Thursday, November 27, 2008

"Nobody Will Ever Forgive Us" - November 2008

In the final play of the National Theatre of Scotland & Traverse's 'Debuts' season Paul Higgins has successfully created three fully rounded and engaging characters who have brought to life by three strong performances. The problem is, 'Nobody Will Ever Forgive Us' is a play with five characters - and the final two drain the play of much of the strength it would otherwise have had.

John Wark plays younger brother Patrick who has surprised the family by returning home from Seminary a week earlier than expected. It's a well pitched performance which effectively conveys both his character's intelligence and his ignorance of life in the real world. On his return he finds older brother Johnny (Ryan Fletcher) caught up in some bother and desperately trying to raise some cash in a hurry. Fletcher plays Johnny with just the right level of gallusness but with the underlying knowledge that his life is a disappointment. Higgins, Wark & Fletcher have created a believable dynamic between these two and it's responsible for many of the plays strongest moments. As sister Cath, Carmen Pieraccini shines brightest when she is alone, particularly in a delightful scene in candlelight, and throughout the play genuinely inhabits the body of someone with a painful skin irritation.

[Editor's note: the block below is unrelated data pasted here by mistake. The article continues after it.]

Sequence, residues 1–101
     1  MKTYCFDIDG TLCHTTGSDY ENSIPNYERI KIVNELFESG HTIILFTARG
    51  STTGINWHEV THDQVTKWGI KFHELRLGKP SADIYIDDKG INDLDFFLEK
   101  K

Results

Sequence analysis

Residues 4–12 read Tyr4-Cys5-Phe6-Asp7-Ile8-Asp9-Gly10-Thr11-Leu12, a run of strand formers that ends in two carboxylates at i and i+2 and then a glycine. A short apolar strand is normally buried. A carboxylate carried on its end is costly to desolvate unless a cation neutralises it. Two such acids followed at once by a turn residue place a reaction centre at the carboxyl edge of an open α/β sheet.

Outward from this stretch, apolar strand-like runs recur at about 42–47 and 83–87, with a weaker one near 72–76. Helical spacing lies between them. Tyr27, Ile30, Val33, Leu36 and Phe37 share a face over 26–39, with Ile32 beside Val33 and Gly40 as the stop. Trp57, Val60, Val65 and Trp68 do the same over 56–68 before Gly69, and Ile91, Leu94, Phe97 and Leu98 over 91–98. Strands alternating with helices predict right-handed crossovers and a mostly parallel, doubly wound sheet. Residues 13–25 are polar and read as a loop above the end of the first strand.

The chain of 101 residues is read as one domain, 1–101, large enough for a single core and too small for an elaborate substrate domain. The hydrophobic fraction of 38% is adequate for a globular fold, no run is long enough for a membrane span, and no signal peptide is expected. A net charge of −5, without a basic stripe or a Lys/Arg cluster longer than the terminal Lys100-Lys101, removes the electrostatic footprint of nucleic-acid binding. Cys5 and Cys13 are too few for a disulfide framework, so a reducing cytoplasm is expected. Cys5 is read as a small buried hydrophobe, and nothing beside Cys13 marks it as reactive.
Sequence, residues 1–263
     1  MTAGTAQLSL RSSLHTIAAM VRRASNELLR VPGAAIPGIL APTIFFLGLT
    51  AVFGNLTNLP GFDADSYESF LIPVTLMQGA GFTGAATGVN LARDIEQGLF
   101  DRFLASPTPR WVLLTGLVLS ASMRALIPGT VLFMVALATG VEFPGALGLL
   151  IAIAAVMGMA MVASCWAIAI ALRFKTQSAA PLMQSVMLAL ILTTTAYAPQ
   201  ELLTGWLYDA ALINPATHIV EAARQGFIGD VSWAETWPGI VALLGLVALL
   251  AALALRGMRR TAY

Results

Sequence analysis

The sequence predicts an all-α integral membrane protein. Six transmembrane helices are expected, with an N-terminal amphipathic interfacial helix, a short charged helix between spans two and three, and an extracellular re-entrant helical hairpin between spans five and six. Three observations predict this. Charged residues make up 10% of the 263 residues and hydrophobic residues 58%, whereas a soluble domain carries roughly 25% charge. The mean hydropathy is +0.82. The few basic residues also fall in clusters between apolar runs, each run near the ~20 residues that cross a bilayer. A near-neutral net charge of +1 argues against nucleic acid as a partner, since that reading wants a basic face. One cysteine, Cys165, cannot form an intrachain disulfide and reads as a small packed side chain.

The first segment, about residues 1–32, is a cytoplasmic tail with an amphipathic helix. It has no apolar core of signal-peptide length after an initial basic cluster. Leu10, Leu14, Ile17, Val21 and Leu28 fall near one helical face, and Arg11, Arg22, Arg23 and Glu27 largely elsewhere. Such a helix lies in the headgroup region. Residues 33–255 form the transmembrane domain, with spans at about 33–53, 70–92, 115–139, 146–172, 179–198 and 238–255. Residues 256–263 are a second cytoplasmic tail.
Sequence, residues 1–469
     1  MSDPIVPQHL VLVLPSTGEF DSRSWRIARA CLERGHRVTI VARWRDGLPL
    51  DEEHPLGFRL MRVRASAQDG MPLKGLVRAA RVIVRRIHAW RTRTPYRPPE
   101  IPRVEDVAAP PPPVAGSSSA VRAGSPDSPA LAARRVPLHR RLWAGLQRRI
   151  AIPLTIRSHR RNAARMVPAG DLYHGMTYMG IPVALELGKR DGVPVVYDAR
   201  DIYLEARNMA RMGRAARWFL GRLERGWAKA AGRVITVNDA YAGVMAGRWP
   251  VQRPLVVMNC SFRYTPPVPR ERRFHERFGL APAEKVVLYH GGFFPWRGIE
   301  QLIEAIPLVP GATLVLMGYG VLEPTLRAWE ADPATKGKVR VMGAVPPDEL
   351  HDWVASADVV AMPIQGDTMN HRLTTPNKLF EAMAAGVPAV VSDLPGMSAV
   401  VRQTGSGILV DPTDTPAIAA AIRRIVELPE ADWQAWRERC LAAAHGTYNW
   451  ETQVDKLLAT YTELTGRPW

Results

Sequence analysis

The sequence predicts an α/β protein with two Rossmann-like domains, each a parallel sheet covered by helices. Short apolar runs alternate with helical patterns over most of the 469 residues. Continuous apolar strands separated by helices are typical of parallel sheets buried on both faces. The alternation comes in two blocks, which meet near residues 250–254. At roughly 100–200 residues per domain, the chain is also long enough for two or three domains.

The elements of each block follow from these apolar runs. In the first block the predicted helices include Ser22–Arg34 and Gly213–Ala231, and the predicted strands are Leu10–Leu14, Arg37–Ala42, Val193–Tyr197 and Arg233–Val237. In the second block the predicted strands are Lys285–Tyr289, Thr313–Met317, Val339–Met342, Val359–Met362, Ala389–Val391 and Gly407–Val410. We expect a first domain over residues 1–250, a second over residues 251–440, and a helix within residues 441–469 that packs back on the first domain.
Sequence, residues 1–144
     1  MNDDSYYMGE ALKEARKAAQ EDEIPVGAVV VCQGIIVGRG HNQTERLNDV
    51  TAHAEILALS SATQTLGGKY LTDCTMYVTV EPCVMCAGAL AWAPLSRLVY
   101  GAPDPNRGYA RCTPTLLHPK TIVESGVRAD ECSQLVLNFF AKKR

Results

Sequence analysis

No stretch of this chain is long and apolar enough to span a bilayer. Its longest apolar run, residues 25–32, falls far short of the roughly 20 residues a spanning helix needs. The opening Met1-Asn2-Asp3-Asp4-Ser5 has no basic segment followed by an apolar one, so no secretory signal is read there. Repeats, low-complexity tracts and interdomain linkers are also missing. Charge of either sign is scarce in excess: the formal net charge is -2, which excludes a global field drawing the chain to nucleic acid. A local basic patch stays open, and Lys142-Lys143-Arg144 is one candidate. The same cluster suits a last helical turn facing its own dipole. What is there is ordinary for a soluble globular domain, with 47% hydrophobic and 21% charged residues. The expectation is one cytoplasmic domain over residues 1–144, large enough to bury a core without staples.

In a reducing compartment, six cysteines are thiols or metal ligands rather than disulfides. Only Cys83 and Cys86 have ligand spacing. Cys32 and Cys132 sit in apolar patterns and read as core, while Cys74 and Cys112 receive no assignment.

Unfortunately the depiction of the adult characters fails to match the high standard of the children. Susan Vidler's 'Mum' makes little impact and I found it difficult to envisage her as part of this family set-up. But for me the real problem lay with Gary Lewis's alcoholic 'Dad' who is a fraction too close to Rab C Nesbitt to be taken as seriously as the character should be - particularly once he utters a line dangerously close to Rab's catchphrase. As a result I'm concerned that many of the laughs that the performance generated in the audience were simply of the lets-laugh-at-the-west-coast-scum variety.